Category Archives: Bob Dylans’s best songs

Bob Dylan – Tin Angel Revisited

COLUMBIA RECORDS BOB DYLAN ALBUM

Just a few thoughts on the song Tin Angel.

For me, after listening to it for two days, the most obvious masterpiece on Bob Dylan’s new album is the murder ballad, Tin Angel. It’s a story-song, the kind Dylan has done so magnificently many times before. Cross the Green Mountain, Tweeter and the Monkey Man and  Brownsville Girl springs to mind. They are extremely cinematic songs and they tell a story over many verses.  Another song that pops up in my head is the wonderful story of Spanish Jack by Willy DeVille, not very like in sound but in tone.

The music on Tin Angel is repetitive, but not in a bad way, it’s an hypnotic rhythm and a bass that sucks the wind straight out of you. It transcends ordinary music and serves as a enhancement of the fascinating story that is told over the 28 verses.

I could try to analyze the song, but I don’t think we should. It is straightforward ballad of three doomed lovers, told in a dark, dark song, and it sounds like Bob Dylan is having a hell of a time when he tells it.

After I got a comment on the original post about the song Gypsy Davy I just had to do a revision (see the bottom of the post)!

..and why is it called Tin Angel, I have an idea, but I could be off the mark. Joni Mitchell has accused Dylan of being unoriginal, and I think he is poking fun at her  by naming the song Tin Angel. The same title as a song recorded by Mitchell but written by somebody else.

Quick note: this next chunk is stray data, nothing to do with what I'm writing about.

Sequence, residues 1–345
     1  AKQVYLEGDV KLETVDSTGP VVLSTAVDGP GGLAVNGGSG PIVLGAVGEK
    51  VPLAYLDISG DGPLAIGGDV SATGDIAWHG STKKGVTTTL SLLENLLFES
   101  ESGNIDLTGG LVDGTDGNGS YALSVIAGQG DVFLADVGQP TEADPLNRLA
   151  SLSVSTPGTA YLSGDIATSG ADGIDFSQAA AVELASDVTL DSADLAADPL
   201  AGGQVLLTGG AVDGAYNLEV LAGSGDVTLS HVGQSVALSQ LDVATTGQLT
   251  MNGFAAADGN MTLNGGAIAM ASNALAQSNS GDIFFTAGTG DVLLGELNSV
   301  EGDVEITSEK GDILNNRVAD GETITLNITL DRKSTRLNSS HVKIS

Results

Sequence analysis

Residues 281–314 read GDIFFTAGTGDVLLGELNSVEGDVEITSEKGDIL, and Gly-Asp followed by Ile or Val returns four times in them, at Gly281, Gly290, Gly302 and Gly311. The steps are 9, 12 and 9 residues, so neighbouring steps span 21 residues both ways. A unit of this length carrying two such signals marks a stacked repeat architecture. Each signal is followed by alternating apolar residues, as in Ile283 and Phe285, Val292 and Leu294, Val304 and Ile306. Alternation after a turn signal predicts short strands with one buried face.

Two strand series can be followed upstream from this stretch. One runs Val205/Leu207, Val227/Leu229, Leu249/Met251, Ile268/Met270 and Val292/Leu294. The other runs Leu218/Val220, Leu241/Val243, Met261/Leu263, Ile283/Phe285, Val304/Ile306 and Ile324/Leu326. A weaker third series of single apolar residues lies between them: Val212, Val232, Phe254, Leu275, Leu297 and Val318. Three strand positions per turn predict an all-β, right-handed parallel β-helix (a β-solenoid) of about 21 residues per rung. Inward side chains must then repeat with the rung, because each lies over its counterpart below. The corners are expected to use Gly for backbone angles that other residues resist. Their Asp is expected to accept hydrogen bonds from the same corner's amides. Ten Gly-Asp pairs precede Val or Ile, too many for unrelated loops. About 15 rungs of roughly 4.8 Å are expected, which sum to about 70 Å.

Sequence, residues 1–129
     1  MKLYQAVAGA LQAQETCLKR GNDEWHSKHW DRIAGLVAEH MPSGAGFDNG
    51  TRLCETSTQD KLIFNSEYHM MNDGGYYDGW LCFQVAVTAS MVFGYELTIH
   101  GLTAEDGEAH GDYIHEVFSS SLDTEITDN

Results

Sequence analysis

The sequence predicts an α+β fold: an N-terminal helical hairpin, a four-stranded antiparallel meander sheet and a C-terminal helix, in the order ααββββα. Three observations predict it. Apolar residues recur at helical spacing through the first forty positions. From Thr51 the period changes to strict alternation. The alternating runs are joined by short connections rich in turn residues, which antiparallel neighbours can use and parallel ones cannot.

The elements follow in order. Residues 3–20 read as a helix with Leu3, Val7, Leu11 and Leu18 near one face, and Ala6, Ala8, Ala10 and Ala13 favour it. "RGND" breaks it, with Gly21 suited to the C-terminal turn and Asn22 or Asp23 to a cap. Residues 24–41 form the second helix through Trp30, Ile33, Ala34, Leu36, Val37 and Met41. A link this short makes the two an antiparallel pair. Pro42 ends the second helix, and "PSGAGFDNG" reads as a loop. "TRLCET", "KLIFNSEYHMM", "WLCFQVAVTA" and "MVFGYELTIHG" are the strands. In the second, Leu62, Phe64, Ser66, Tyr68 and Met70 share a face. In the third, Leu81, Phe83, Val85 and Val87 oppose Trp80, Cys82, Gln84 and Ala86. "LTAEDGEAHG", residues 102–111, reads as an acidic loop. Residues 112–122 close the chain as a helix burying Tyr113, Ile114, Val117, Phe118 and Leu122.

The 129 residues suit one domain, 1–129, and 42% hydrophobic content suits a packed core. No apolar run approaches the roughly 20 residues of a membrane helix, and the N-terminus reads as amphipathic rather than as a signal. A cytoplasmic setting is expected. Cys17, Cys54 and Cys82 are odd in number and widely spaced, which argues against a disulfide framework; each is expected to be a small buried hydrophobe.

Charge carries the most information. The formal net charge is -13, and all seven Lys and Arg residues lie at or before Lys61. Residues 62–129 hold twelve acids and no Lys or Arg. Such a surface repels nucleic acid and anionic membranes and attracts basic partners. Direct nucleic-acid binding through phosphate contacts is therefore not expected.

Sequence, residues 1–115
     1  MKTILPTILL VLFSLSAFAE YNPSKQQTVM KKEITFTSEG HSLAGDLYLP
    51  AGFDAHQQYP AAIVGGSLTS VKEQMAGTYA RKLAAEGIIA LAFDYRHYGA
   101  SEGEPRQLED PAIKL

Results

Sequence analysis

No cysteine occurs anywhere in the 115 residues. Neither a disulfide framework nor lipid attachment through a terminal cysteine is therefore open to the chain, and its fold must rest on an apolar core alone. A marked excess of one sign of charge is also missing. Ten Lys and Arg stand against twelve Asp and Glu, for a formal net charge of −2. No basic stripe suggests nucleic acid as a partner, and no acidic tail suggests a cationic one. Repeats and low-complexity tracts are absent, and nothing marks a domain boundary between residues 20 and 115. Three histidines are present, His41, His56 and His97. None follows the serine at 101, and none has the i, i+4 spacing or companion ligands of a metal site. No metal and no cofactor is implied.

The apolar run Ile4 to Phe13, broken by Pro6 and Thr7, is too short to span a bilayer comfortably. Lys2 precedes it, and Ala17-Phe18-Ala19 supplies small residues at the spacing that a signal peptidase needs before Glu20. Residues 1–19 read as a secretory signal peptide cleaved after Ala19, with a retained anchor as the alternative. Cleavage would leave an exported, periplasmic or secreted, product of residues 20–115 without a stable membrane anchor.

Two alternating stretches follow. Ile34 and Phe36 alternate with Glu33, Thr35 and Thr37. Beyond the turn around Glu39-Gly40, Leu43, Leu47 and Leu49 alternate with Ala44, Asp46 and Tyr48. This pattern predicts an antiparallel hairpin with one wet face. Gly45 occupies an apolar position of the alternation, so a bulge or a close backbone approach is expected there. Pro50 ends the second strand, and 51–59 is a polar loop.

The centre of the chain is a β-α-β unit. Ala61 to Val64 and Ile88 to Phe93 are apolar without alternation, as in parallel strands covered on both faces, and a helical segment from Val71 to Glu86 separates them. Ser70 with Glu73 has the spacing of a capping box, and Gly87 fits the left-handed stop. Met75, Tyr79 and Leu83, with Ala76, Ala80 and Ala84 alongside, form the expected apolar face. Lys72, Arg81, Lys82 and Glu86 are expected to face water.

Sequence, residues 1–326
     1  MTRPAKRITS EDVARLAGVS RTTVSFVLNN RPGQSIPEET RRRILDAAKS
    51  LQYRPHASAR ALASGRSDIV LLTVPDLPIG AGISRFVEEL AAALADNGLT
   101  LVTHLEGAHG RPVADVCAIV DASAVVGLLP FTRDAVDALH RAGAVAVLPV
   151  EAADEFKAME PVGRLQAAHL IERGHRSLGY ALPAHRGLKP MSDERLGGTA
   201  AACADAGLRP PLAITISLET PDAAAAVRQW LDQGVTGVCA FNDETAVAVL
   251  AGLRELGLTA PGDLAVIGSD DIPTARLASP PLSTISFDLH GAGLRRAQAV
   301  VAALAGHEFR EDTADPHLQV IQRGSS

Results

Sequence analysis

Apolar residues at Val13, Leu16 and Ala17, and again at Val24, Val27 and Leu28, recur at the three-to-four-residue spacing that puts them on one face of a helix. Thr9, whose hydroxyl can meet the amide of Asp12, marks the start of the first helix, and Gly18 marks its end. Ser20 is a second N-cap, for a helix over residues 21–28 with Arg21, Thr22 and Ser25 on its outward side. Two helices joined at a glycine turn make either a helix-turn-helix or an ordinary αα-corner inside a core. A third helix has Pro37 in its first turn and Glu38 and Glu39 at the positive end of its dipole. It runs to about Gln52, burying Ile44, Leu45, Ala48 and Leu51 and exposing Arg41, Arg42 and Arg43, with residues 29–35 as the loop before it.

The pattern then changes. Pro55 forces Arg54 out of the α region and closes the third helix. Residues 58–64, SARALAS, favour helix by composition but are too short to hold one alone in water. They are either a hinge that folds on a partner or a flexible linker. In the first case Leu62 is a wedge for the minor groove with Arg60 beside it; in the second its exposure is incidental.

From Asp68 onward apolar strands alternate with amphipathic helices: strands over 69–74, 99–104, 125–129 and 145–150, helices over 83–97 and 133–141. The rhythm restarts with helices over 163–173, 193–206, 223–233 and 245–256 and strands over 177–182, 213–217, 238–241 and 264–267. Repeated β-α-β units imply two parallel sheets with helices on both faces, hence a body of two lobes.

Here’s the spotify link:

It is a bit difficult to see who says what in the story, I have put who I think delivers the lines after each line of dialogue in the song.

The “playas”:

The Boss
The Wife
Henry Lee
Servant

The story starts at home at the mansion:

It was late last night when the boss came home
To a deserted mansion and a desolate throne
Servant said: “Boss, the lady’s gone
She left this morning just ‘fore dawn.” (Servant)

“You got something to tell me, tell it to me, man
Come to the point as straight as you can” (The Boss)
“Old Henry Lee, chief of the clan
Came riding through the woods and took her by the hand” (Servant)

The boss he lay back flat on his bed
He cursed the heat and he clutched his head
He pondered the future of his fate
To wait another day would be far too late

“Go fetch me my coat and my tie
And the cheapest labour that money can buy
Saddle me up my buckskin mare
If you see me go by, put up a prayer” (The Boss)

The Boss is determined to “set things straight” and rides off to get his wife and to kill Henry Lee. Henry Lee is a name that we know from an old song on the Harry Smith collection (the first on the first cd). Covered by Bob Dylan earlier (as Love, Henry), also covered by Nick Cave on the album Murder Ballads. An album where Tin Angel would fit very naturally.

The next 6 verses tells us about his journey and how he sneaks up on the unknowing lovers. Dylan really sets a terrifying scene for what is about to happen. The Boss really gets into a killing mood, “he renounces his faith, he denies his lord”: